Even industries where American consumers once reigned supreme are now increasingly shifting toward China. General Motors, for example, sells more cars in China than in North America. For global filmmakers, box office sales in 2018 totaled about $9 billion in China, compared with almost $12 billion for North America in 2018.

My company made a decision more than a decade ago not to invest in China’s export sector. Costs for Chinese manufacturers are rising, and prices for their exports are flat or falling. Instead, I feel strongly that there is much greater potential for companies — inside and outside China — that cater to the Chinese consumer market.

Yes, China’s economic growth has begun to slow, and there has been a decrease in investments as Beijing has moved to tighten credit. And the threat of a trade war with the United States is real. But my long-term outlook has not changed. The Chinese consumer market will continue to grow, albeit at a slower pace, and it will continue to be a market that any global company must pay serious attention to if it wants to remain competitive.

So where does this leave companies like Apple that find themselves caught in the middle of the trade war? They must hope, first of all, for a swift conclusion to the latest round of trade negotiations between China and the United States, which began in Beijing on Monday. The best possible outcome is a deal that will encourage China to open its economy further, commit to shrinking its bloated state-owned sector and ease barriers to further foreign investment and trade.

Tariffs were supposed to hurt China by hitting its exports to the United States. That hasn’t happened. Should it persist, the trade war will, of course, hurt Chinese companies, just as it has already hurt so many American companies. But if the conflict eventually drags down Chinese consumer demand, businesses all over the world will be the losers.

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“Why 2018 was the best year ever”

Nicholas Kristof, New York Times January 9, 2019 pp.11

Accessed Jan 21 , 2019

-- 2018是人類歷史上最好的一年。
-- 世界的人口活得更常了,過得更好了。
-- 全球媒體都一樣,報導戰爭、殺戮、飢荒,但不聚焦於人類的進步。
-- 美國是例外,平均壽命下降。而全世界別處都在上升。



The world is, as everyone knows, going to hell, but there’s still the nervous thrill of waiting to see precisely which dark force will take us down. Will the economy collapse first, the ice sheets melt first, or chaos and war envelop us first?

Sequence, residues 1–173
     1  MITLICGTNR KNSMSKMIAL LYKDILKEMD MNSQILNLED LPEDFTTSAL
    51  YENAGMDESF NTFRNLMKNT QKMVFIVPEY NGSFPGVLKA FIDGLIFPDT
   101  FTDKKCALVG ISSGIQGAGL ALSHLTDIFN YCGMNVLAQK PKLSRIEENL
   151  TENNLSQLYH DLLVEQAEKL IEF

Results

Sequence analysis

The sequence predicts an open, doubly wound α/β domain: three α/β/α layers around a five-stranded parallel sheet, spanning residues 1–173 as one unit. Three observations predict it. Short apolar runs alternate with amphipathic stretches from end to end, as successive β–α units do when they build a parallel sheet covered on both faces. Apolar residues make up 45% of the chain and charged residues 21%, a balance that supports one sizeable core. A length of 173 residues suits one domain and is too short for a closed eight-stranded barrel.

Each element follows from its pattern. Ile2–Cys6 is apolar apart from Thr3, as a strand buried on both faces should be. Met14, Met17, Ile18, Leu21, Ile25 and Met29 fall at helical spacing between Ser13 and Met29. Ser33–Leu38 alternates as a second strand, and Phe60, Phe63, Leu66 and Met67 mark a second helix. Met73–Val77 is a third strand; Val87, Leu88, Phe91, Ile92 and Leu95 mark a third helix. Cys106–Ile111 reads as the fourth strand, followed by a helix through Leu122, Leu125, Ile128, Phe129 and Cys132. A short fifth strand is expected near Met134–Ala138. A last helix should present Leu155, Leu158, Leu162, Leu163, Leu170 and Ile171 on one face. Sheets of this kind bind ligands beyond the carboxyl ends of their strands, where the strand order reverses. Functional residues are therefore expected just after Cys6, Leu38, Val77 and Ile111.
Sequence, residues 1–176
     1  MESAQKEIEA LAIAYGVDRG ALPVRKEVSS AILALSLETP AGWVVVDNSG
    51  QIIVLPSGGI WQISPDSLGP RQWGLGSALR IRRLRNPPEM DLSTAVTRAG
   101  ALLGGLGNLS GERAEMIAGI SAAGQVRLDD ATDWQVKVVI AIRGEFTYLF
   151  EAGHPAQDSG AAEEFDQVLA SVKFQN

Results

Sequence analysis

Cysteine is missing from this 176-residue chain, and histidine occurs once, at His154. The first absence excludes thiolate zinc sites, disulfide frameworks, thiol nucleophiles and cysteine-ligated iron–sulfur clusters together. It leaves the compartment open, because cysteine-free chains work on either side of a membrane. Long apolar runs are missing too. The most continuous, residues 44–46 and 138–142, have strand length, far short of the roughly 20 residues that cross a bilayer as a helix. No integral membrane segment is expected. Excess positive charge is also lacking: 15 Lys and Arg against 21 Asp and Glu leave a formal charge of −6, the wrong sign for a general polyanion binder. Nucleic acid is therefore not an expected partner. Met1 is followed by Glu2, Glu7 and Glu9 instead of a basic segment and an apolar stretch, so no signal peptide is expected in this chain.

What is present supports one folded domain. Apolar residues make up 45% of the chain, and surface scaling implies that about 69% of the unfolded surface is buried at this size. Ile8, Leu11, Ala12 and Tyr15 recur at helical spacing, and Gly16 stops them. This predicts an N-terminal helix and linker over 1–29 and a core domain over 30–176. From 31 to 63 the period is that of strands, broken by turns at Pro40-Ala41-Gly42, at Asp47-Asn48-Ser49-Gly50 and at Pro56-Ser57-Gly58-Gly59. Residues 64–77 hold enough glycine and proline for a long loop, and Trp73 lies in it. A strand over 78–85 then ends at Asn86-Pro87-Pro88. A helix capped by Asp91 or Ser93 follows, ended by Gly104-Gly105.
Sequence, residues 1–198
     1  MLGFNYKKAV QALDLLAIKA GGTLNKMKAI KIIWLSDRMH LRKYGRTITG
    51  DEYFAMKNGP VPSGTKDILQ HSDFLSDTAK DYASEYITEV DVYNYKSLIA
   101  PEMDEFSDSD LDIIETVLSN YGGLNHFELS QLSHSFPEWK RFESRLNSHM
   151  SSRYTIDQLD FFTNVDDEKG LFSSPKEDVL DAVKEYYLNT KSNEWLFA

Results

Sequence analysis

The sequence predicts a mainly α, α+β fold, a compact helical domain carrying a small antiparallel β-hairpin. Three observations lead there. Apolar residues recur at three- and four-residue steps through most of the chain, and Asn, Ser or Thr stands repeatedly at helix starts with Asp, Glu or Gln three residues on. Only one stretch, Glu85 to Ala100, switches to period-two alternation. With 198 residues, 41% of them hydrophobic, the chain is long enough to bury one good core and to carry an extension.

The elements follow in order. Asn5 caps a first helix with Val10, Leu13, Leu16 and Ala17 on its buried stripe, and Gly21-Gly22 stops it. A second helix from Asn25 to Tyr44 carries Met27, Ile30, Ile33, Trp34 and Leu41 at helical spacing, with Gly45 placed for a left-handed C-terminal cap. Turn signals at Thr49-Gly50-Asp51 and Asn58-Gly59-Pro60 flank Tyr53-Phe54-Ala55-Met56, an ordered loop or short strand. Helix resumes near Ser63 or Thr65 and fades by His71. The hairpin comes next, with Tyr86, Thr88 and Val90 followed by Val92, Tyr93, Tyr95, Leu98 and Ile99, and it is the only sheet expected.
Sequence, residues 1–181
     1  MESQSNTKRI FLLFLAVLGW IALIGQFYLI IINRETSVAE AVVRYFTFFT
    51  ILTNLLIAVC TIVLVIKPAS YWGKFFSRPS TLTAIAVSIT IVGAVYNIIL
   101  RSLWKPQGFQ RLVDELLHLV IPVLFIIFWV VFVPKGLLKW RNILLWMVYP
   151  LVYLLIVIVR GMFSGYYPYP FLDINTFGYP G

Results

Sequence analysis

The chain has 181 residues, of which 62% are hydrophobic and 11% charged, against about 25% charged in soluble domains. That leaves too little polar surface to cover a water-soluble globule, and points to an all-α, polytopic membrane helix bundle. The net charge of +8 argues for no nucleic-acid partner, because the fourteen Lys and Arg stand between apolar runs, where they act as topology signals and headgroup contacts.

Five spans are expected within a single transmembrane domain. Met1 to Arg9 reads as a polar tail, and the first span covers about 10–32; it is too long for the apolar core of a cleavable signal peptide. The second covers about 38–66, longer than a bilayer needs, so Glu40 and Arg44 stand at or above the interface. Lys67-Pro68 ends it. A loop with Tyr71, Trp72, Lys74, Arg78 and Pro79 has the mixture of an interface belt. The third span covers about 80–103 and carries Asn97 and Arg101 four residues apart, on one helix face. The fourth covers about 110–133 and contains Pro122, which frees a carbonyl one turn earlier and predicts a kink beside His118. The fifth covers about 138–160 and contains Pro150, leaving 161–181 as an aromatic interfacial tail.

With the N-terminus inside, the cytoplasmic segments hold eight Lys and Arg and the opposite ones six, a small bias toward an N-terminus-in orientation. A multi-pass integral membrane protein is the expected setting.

So here’s my antidote to that gloom: Let me try to make the case that 2018 was actually the best year in human history.

Each day on average, about another 295,000 people around the world gained access to electricity for the first time, according to Max Roser of Oxford University and his Our World in Data website. Every day, another 305,000 were able to access clean drinking water for the first time. And each day an additional 620,000 people were able to get online for the first time.

Never before has such a large portion of humanity been literate, enjoyed a middle-class cushion, lived such long lives, had access to family planning or been confident that their children would survive. Let’s hit pause on our fears and frustrations and share a nanosecond of celebration at this backdrop of progress.


On a dirt road in rural Angola a few years ago, I met a woman named Delfina Fernandes who had lost 10 children, out of 15; she had endured perhaps the greatest blow any parent can, and she had suffered it 10 times.

Yet such child deaths are becoming far less common. Only about 4 percent of children worldwide now die by the age of 5. That’s still horrifying, but it’s down from 19 percent in 1960 and 7 percent in 2003.


Indeed, children today in Mexico or Brazil are less likely to die by the age of 5 than American children were as recently as 1970.

The big news that won’t make a headline and won’t appear on television is that 15,000 children died around the world in the last 24 hours. But in the 1990s, it was 30,000 kids dying each day.

Perhaps it seems Pollyannish or tasteless to trumpet progress at a time when there is so much butchery, misrule and threat hanging over us. But I cover the butchery and misrule every other day of the year, and I do this annual column about progress to try to place those tragedies in perspective.


One reason for this column is that journalism is supposed to inform people about the world, and it turns out that most Americans (and citizens of other countries, too) are spectacularly misinformed.

For example, nine out of 10 Americans say in polls that global poverty is worsening or staying the same, when in fact the most important trend in the world is arguably a huge reduction in poverty. Until about the 1950s, a majority of humans had always lived in “extreme poverty,” defined as less than about $2 a person per day. When I was a university student in the early 1980s, 44 percent of the world’s population lived in extreme poverty.

Now, fewer than 10 percent of the world’s population lives in extreme poverty, as adjusted for inflation.

Likewise, Americans estimate that 35 percent of the world’s children have been vaccinated. In fact, 86 percent of all 1-year-olds have been vaccinated against diphtheria, tetanus and pertussis.

“Everyone seems to get the world devastatingly wrong,” Dr. Hans Rosling, a brilliant scholar of international health, wrote in “Factfulness,” published in 2018, after his death. “Every group of people I ask thinks the world is more frightening, more violent and more hopeless — in short, more dramatic — than it really is.”